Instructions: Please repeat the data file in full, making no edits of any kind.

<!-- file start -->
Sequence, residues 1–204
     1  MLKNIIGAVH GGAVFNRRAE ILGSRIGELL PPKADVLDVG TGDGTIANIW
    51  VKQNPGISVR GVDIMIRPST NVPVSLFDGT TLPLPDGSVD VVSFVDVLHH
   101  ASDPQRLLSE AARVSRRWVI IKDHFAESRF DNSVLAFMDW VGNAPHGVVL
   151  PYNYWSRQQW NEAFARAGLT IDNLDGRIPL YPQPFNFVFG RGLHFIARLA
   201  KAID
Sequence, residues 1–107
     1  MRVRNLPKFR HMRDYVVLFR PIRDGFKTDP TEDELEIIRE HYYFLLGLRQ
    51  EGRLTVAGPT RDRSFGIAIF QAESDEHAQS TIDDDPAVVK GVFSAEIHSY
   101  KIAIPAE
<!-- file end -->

Sequence, residues 1–204
     1  MLKNIIGAVH GGAVFNRRAE ILGSRIGELL PPKADVLDVG TGDGTIANIW
    51  VKQNPGISVR GVDIMIRPST NVPVSLFDGT TLPLPDGSVD VVSFVDVLHH
   101  ASDPQRLLSE AARVSRRWVI IKDHFAESRF DNSVLAFMDW VGNAPHGVVL
   151  PYNYWSRQQW NEAFARAGLT IDNLDGRIPL YPQPFNFVFG RGLHFIARLA
   201  KAID
Sequence, residues 1–107
     1  MRVRNLPKFR HMRDYVVLFR PIRDGFKTDP TEDELEIIRE HYYFLLGLRQ
    51  EGRLTVAGPT RDRSFGIAIF QAESDEHAQS TIDDDPAVVK GVFSAEIHSY
   101  KIAIPAE